Parnell cruises to victory in Alaska primary

Patti Epler



Photo by Stephen Nowers
Gov. Sean Parnell talks with a reporter at Election Central on Tuesday.
Gov. Sean Parnell, who Sarah Palin appointed after she resigned, easily outdistanced his two GOP rivals in Tuesday's primary while Democrat Ethan Berkowitz breezed by his opponent to set the stage for the Nov. 4 gubernatorial election.


Parnell will be on the GOP slate with Mead Treadwell, who handily defeated Jay Ramras to win the GOP lieutenant governor nomination. Berkowitz will team with Diane Benson, who easily outpaced three other opponents in the Democratic primary.

With about two-thirds of 438 precincts reporting, Parnell held a comfortable lead over Anchorage attorney Bill Walker, his closest rival. Ralph Samuels, the third strong GOP candidate, conceded early in the evening, blaming "an unsexy message against an incumbent governor," he said.

Just before midnight, Walker was still holding out hope but acknowledged it didn't look good for him. "Obviously I'm not pleased but it is what it is," he said. "We're just excited about the race we've run."

Berkowitz refused to claim victory early in the evening despite a comfortable lead over state Sen. Hollis French.

"We're feeling confident but there's still a long ways to go tonight," he said. "This is a typical Alaska election."

{em_slideshow 67}

Berkowitz said his strong lead shows that people want change. "They want someone who's tough, someone who can move the state forward and bring Alaska the future it deserves."

That includes a gas pipeline and lower energy costs, he said.

Parnell also was reluctant to claim victory over Walker late Tuesday night even though he was ahead by more than 10 percent.

Still, he said, he thinks voters understood that he was working to ensure jobs and strong families with his policies as governor and in his campaign message.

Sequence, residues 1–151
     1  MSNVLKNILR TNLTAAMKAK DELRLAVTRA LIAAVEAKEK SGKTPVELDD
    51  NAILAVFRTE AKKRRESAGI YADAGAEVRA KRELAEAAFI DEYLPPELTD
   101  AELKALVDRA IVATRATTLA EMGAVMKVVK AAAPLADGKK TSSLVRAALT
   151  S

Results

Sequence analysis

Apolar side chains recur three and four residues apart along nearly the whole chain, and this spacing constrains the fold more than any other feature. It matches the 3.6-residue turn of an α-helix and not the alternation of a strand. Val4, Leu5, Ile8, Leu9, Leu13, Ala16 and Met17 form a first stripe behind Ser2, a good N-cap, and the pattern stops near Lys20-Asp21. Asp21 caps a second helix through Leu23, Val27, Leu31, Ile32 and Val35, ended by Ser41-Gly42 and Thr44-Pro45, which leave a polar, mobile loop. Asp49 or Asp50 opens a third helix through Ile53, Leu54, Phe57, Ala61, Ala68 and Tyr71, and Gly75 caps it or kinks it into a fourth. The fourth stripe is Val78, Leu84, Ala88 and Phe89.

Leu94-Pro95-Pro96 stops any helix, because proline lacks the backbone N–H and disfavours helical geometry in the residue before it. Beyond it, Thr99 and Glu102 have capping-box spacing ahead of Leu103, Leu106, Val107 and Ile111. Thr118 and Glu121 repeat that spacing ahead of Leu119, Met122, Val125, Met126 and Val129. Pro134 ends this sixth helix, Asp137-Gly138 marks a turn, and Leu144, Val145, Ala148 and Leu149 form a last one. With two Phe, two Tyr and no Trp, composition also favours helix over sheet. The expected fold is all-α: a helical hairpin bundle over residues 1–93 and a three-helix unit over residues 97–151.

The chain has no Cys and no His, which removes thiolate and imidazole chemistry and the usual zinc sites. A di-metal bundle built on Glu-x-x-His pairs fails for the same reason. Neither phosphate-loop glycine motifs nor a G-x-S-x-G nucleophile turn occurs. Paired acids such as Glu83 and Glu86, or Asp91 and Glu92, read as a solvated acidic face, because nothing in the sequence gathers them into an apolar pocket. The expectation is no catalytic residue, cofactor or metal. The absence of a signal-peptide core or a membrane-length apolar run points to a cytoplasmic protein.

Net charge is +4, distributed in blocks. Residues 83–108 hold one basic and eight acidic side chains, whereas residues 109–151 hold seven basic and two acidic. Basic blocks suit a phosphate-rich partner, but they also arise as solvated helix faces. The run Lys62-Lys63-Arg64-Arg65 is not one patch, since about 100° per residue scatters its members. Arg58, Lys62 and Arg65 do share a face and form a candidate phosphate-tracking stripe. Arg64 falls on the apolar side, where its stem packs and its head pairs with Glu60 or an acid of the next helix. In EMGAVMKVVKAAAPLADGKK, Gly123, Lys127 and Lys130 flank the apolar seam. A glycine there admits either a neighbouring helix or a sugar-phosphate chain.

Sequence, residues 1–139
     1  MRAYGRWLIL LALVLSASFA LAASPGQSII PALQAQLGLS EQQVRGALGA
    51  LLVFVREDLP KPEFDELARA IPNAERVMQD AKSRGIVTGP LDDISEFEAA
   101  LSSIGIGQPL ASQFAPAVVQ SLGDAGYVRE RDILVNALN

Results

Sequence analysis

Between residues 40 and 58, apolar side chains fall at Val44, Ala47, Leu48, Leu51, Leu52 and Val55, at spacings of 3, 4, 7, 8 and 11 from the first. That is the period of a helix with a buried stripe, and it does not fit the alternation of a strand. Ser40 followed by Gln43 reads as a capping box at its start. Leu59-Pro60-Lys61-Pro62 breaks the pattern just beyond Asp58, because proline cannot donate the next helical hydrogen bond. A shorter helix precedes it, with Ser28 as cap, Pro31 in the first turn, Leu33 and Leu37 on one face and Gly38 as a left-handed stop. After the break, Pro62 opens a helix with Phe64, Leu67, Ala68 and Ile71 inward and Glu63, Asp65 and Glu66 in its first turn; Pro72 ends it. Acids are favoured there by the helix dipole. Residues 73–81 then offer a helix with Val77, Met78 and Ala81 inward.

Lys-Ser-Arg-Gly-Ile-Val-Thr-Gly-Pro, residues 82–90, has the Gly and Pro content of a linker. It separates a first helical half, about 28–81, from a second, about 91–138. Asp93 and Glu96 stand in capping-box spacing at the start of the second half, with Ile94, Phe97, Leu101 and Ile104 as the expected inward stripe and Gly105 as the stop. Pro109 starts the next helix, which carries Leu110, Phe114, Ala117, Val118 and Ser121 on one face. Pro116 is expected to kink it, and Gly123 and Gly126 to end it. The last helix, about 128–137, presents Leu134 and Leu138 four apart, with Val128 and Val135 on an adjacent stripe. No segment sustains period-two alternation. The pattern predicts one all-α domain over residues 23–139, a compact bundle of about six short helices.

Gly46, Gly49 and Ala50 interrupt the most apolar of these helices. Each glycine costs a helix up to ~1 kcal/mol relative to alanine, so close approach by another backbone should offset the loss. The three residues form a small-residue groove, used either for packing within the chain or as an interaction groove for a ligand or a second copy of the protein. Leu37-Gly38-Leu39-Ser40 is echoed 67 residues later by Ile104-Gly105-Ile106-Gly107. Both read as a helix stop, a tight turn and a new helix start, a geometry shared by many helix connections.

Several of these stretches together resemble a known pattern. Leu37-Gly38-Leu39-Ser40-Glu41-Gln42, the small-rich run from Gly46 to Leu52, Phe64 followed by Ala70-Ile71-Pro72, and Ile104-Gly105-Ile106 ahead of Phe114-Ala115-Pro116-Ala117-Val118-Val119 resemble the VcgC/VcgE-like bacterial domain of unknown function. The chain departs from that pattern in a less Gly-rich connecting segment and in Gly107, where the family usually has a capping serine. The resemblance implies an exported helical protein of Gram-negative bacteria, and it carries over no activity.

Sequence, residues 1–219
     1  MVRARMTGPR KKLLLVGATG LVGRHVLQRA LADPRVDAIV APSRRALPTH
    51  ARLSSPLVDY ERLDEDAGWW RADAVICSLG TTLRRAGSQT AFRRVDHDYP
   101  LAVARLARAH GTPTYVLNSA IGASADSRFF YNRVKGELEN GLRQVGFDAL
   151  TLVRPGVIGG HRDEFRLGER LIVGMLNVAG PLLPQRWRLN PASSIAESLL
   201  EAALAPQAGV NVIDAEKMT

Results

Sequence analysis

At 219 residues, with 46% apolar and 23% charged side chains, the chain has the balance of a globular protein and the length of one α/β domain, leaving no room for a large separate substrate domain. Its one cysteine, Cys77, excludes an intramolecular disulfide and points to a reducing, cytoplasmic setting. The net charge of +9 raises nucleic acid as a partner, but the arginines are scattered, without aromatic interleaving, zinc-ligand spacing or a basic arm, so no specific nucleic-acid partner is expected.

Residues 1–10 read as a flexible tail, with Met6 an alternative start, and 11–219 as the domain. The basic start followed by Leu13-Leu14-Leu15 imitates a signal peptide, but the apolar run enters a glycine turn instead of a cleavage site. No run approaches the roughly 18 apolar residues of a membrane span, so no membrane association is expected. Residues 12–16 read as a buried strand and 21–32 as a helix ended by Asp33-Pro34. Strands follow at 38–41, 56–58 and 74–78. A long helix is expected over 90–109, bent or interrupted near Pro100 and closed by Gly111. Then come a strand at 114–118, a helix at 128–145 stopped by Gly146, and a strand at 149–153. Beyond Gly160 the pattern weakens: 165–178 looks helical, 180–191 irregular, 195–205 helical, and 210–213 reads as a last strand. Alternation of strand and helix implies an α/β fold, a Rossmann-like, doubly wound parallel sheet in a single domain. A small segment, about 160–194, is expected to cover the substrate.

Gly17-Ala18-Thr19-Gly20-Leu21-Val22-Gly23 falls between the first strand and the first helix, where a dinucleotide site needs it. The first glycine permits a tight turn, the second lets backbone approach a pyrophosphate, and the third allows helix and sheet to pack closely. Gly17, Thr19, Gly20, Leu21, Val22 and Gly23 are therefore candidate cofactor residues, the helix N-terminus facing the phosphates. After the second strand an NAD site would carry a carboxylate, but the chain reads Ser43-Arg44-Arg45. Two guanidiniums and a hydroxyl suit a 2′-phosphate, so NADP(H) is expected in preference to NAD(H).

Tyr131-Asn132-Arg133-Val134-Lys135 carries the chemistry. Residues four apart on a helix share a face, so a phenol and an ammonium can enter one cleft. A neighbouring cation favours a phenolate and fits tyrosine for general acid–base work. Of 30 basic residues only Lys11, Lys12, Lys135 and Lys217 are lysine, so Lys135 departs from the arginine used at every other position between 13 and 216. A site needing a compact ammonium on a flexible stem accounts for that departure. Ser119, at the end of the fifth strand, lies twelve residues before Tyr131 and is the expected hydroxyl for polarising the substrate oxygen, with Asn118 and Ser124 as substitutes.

"I think it's about jobs and families," he said in a brief interview at Election Central. The economy is an issue but so is a strong education system, he said.

Parnell ran a low-key campaign, which drew criticism from rivals who accused him of ducking debates and other public forums that would have allowed them to ask tough questions and show their differences. Walker and Samuels both challenged Parnell for his leadership and contended he was doing little to put the state in a better position for the future.

But the governor has countered that he was trying to run the state and campaign at the same time, and that he believed he'd given voters adequate opportunity to listen to his ideas and judge him as a candidate.

"I think we made each other better as candidates," he said Tuesday night.

Parnell touted his accomplishments in the year he has been governor, following Sarah Palin's abrupt resignation in July 2009. He counts among those his push for merit scholarships for all high school seniors and his initiative to combat domestic violence and sexual assault. Parnell also said he is working to bring a gas line to fruition through his support of the Alaska Gasline Inducement Act and the state's work with TransCanada Corp. and Exxon Mobil Corp. And he has offered proposals for tax credits and other measures to encourage more investment and development of North Slope oil.